Friday, July 12, 2013

Hunab Ku

     'Hunab Ku', the name of the supreme Mayan god translates into English as the 'Sole God', the 'Only God'. But whether Hunab Ku was a real Mesoamerican diety or rather a transformative figure (established by Spanish missionaries, 'invented' by Franciscan friars) from the pantheon of Mayan deities to a monotheistic, more 'Christian' form of worship is unclear. Hunab Ku, like the Judeo-Christian 'Yahweh' was said to be without form, incorporeal, invisible (see post: Invisible/Hidden Gods).
Altered Symbol of Hunab Ku

     Hunab Ku, in some writings, is associated with the Mayan 'creator' god, Itzamna, this possibly being another attempt to draw a resemblance between Hunab Ku and the one Christian 'creator' god. Perhaps what makes the background of this god less than clear is the fact that there have been no sculptures or paintings of Hunab Ku, either before or after the Spanish conquest (after all, Hunab Ku was alleged to be an 'invisible god').
     There exist only symbols that represent the deity, much like there are symbols that represent the god(s) of the sun. These symbols of Hunab Ku, however, have been altered and changed over time and even used in reference to other native cultures (ex Hopi) that did not have the concept of monotheistic creation.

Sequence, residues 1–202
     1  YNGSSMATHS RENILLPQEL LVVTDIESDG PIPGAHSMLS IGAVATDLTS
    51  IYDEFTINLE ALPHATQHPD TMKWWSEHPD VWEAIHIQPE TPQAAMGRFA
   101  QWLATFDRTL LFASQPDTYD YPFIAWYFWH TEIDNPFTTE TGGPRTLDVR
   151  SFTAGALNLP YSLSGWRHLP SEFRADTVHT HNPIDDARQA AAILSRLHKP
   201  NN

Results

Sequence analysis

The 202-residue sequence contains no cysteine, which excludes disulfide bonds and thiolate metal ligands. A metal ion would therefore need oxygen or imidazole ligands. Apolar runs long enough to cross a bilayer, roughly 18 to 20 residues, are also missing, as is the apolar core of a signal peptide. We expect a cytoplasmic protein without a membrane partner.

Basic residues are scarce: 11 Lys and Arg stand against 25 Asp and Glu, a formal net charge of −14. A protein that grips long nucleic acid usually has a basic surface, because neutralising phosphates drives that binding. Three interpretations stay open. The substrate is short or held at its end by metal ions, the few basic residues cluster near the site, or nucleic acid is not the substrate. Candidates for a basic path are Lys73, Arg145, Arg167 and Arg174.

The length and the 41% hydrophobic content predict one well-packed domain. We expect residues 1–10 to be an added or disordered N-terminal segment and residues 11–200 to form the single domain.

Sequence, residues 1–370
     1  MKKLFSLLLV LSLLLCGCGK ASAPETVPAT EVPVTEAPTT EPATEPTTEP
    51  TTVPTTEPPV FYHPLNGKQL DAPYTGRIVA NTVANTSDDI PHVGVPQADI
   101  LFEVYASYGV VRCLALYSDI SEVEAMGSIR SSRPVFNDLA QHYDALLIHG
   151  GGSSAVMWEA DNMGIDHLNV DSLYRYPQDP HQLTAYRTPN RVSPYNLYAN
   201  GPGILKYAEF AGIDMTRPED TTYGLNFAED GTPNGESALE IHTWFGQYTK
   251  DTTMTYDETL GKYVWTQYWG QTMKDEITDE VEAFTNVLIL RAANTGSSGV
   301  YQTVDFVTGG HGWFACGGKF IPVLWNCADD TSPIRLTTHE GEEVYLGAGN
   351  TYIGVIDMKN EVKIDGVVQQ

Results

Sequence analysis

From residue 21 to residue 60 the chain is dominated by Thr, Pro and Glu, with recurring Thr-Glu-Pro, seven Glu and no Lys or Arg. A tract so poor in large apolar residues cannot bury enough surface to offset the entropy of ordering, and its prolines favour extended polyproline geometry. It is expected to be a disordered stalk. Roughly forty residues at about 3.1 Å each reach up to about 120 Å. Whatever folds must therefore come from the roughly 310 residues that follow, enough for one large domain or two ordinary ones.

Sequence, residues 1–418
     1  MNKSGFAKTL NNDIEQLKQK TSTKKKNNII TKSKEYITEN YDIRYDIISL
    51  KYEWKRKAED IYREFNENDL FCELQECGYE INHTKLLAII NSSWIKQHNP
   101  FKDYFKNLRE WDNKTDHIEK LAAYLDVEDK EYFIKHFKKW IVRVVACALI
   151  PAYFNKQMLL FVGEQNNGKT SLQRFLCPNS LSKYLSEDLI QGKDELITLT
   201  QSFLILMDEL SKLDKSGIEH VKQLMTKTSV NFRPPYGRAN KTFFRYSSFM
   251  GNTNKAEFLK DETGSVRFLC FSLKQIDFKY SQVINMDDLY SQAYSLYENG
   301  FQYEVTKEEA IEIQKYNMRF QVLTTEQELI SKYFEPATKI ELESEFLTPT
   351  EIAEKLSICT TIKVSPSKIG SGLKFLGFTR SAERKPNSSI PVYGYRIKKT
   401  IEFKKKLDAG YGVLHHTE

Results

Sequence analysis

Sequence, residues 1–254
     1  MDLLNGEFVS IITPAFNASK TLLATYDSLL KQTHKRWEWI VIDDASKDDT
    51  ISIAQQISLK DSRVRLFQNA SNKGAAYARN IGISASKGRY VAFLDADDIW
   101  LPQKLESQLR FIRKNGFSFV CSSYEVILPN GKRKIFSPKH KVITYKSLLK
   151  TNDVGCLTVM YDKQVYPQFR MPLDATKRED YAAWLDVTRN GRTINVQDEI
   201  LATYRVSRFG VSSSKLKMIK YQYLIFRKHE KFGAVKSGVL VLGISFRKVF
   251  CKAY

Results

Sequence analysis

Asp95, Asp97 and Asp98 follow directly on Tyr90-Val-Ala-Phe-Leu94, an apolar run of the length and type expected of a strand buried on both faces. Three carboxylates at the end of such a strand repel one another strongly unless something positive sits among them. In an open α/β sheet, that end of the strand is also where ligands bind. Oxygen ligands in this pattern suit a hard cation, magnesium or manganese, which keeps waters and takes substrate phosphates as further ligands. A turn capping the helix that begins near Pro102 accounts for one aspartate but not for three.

Book of Chilam Balam of Chumayel

     The first mention of 'Hunab Ku' is in the sixteenth century
'Diccionari de Motul' and in the 'Book of Chilam Balam of Chumayel' (17th and 18th centuries).
     Other researchers state that Hunab Ku was 'the god of gods' who rebuilt the world after the three deluges and that the god Itzamna was his son. Several new age beliefs have latched onto the concept of Hunab Ku associating the deity with symbols of
     Freemasonry, monotheism, other symbols such as a 'square within a circle' or a 'circle within a square' and the expression: 'You are my other I'. The term Hunab Ku has been 'translated' by some as meaning 'all of the Consciousness that ever existed in the Galaxy'.
'New Age' Hunab Ku Symbol

     It seems that with the destruction of most of the original copies of the Mayan holy book, the 'Popol Vuh', the glyphs and other possible references to a pre-Hispanic Hunab Ku cannot be firmly established.

     Spanish translations of the 'Popol Vuh' by the overly zealous Franciscan clergy (the same group that destroyed the originals), are thought by many to be unreliable, omitting much and adding when 'needed'.
The Popol Vuh

     We will likely never know whether Hunab Ku was a real deity within the Mayan pantheon or whether he was simply a mechanism invented by the missionaries to 'ease' them into Christianity.

     *Mayan religion and the apocalypse: subject of research for the novel  The Tao of the Thirteenth God - Amazon Kindle.

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